Neuroinflammation is a process which principally involves activation of astrocytes and microglia by inflammatory mediators in various CNS pathologies, including brain inflammation, trauma, ischemia, stroke, brain infections, and neurodegenerative CNS disorders [1, 2], such as multiple sclerosis (MS), Alzheimer’s disease (AD), Parkinson’s disease (PD), Huntington’s disease (HD), and amyotrophic lateral sclerosis (ALS) [3, 4].
Microglia are the resident immune cells in the central nervous system  and are now considered to be the primary component of the brain immune system . In neuroinflammation, microglia become activated, undergo a change in morphology, and release various cytotoxic mediators, such as nitric oxide (NO), tumour necrosis factor-alpha (TNFα), interleukin-1β (IL-1β), prostaglandin E2, (PGE2), and reactive oxygen species (ROS). Overproduction of these mediators has been shown to be toxic to neurons and results in a vicious and self-propagating cycle of neuronal death . Microglial inflammation therefore serves as an important model for investigating potential therapeutic entities for slowing the progression of neuronal cell death in neurodegenerative disorders.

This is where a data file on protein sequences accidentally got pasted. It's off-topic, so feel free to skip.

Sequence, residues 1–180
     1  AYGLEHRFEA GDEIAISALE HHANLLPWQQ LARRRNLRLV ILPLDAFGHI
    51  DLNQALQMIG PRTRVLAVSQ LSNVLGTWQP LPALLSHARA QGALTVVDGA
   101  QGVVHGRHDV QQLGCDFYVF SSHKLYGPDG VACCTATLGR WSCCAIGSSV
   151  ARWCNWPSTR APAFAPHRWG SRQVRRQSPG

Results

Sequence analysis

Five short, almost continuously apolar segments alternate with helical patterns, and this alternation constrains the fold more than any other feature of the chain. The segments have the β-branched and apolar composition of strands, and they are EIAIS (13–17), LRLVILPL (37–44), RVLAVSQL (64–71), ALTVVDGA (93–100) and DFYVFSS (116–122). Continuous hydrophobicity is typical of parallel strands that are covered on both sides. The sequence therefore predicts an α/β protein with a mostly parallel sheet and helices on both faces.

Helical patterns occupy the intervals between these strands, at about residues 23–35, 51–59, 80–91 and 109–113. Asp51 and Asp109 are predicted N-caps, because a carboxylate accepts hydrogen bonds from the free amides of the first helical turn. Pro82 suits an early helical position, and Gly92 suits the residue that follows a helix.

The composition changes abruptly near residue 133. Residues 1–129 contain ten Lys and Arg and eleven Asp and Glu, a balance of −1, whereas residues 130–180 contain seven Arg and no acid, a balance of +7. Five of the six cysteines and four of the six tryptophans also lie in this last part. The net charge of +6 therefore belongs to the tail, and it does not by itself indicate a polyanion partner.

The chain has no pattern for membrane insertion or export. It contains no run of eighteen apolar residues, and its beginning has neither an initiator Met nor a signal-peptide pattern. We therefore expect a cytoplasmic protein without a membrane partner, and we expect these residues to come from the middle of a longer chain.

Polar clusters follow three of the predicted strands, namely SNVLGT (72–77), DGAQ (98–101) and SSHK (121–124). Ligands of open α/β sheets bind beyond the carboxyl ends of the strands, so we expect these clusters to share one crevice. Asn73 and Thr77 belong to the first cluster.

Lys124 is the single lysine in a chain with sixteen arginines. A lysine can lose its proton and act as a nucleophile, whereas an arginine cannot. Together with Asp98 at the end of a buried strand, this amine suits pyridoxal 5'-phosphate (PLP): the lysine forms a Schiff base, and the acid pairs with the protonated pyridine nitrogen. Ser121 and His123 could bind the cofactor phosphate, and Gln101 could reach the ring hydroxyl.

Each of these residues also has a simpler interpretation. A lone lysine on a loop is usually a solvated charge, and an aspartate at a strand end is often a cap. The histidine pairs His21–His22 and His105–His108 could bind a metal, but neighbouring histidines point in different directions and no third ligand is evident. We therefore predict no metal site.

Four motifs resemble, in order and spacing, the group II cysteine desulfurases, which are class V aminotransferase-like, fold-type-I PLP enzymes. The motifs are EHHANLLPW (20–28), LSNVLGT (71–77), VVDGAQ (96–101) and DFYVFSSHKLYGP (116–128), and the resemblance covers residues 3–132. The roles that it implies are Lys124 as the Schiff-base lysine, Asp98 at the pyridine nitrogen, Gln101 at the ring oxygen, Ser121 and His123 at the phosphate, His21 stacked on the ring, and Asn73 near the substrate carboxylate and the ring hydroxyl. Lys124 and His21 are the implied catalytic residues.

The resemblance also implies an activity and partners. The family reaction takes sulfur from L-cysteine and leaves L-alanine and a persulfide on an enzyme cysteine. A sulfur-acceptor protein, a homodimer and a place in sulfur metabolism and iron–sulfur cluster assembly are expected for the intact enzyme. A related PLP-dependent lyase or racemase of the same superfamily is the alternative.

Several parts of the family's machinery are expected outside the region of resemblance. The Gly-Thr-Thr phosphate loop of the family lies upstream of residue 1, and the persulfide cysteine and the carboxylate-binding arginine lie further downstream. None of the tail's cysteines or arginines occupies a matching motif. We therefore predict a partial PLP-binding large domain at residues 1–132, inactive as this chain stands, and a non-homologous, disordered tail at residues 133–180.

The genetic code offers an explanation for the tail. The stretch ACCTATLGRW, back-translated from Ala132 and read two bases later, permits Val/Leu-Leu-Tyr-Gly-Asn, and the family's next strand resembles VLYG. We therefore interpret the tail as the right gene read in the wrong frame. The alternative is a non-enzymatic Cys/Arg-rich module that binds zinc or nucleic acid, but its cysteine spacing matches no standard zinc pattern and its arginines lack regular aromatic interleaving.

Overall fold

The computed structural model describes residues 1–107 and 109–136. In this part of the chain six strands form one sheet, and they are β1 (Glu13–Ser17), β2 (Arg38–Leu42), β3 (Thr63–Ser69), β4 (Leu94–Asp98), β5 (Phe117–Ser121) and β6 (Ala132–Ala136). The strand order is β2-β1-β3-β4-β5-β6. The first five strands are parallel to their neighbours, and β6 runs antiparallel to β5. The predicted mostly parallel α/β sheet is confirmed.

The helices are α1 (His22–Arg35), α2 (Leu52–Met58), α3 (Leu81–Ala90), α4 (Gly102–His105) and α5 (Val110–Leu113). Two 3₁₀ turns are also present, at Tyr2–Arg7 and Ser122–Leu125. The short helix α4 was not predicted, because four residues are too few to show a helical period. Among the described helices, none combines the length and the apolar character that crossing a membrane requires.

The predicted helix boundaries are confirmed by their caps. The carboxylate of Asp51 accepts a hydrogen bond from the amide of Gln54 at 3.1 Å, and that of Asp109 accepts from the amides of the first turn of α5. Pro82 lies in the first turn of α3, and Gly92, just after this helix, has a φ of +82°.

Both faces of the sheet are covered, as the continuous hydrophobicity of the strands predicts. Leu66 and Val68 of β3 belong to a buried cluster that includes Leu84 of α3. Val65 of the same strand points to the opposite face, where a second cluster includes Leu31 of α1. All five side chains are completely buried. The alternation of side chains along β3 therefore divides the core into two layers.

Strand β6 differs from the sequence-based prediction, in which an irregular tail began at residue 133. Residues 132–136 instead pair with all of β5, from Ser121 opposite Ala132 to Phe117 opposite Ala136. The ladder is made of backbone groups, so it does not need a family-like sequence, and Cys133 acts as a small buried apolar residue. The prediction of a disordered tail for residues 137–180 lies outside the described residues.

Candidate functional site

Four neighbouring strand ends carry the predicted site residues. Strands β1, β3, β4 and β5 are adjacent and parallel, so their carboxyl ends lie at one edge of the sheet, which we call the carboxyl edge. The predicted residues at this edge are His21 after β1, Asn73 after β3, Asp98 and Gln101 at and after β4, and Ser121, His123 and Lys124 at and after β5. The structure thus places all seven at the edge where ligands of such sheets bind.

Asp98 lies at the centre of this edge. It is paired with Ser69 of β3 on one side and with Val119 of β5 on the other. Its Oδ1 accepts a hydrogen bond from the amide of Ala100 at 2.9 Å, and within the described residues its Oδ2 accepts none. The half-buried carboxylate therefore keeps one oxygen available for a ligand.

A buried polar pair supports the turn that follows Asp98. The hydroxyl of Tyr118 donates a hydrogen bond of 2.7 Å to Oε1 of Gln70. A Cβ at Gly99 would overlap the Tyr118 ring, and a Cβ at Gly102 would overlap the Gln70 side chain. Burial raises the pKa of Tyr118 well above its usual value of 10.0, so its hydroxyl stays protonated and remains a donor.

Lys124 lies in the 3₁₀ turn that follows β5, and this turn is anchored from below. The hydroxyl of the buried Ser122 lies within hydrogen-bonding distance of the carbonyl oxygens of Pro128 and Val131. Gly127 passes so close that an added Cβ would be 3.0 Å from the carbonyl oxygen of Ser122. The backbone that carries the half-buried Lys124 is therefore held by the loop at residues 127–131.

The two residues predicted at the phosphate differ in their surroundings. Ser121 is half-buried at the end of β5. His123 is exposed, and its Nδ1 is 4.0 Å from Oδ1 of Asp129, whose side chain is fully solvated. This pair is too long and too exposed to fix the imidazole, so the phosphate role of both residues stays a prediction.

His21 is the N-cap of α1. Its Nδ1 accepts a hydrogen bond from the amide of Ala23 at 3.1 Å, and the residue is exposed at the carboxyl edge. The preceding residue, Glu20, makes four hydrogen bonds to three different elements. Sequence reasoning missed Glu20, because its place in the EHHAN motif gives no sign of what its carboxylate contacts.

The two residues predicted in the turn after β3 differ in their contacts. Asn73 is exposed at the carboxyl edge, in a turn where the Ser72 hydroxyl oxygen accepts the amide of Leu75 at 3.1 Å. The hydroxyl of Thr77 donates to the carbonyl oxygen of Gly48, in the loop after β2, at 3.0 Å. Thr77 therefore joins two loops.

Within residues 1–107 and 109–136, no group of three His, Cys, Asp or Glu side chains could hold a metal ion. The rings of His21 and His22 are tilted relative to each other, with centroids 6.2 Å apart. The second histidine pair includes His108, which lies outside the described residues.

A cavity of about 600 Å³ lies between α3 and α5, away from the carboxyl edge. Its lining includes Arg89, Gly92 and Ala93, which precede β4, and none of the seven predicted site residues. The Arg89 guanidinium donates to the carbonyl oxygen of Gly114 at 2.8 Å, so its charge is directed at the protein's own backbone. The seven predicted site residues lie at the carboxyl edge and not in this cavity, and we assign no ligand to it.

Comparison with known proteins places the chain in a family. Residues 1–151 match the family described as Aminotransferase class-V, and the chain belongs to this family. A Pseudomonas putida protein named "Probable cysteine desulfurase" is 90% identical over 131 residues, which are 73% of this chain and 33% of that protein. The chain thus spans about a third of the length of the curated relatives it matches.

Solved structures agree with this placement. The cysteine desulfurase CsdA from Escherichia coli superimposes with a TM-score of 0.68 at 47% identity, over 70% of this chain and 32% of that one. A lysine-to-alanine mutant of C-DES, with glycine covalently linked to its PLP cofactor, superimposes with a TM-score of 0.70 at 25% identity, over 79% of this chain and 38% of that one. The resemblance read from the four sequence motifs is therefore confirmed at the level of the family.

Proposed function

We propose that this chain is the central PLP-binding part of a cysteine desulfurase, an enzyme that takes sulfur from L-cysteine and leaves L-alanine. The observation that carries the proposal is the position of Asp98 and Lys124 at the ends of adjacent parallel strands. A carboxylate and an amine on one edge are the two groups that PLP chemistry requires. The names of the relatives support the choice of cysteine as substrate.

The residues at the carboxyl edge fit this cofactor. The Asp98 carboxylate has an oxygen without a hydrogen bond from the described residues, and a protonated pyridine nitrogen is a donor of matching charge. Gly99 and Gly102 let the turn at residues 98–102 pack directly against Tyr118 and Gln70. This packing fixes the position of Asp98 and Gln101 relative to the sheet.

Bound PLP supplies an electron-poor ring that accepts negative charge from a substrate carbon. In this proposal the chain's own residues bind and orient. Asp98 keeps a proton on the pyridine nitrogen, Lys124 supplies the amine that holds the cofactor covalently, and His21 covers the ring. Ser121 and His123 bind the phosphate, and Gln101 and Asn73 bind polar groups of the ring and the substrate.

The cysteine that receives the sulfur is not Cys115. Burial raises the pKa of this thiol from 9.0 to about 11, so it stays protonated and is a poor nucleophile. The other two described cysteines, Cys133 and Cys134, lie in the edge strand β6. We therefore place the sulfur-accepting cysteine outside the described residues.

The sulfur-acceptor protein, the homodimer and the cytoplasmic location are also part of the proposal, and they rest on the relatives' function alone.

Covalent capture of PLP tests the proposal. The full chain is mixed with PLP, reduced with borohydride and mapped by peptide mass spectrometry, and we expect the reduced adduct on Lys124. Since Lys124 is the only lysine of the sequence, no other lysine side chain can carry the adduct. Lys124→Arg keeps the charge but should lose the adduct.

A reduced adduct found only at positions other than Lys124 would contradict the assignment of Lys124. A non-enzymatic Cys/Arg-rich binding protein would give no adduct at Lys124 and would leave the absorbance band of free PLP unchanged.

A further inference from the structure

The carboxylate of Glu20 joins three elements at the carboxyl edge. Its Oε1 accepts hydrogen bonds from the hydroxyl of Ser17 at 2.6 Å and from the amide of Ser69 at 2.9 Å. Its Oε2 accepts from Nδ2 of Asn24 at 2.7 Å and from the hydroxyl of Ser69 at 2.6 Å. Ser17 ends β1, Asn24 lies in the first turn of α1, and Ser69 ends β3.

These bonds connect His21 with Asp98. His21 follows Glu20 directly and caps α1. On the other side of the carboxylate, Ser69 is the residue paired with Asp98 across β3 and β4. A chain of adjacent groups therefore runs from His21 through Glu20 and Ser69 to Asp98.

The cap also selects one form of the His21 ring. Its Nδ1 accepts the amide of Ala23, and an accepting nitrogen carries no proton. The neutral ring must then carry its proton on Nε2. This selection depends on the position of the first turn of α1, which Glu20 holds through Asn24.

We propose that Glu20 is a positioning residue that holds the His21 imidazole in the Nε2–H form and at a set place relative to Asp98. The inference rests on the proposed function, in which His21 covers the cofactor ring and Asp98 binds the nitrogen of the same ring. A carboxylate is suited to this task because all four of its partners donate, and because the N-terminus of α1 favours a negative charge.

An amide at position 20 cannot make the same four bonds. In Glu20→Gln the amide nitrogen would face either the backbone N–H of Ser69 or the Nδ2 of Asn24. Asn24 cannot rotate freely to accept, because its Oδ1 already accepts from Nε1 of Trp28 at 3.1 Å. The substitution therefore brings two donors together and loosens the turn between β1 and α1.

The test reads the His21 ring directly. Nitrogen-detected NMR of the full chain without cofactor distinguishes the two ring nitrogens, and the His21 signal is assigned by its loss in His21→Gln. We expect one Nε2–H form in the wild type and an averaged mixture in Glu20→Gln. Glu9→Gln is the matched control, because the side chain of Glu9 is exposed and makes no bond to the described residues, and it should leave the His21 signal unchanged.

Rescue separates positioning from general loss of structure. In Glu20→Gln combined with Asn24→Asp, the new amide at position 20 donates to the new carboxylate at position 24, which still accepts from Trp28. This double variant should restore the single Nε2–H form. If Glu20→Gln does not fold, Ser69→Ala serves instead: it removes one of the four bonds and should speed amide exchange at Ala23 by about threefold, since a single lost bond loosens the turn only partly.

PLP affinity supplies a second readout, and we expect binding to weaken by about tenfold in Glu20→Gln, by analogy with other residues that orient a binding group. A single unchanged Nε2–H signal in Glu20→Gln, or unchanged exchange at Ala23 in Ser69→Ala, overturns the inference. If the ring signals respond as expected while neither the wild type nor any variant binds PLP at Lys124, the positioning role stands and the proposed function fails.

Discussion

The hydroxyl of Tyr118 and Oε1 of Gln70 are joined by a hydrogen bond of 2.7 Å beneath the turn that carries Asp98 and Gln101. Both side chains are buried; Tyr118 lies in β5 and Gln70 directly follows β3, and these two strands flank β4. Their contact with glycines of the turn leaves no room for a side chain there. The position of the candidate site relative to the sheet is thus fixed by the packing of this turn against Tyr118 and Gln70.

The transcription factor, nuclear factor kappa B (NF-κB), has been shown to control inflammatory responses in microglial cells. Activation of NF-κB is triggered by phosphorylation and subsequent degradation of inhibitor of κB (IκB). This process subsequently leads to translocation of the free NF-κB to the nucleus where it promotes the expression of proinflammatory genes such as the proinflammatory cytokines (TNFα, IL-6, IL-1β, etc.), cyclooxygenase-2 (COX-2), and inducible nitric oxide synthase (iNOS).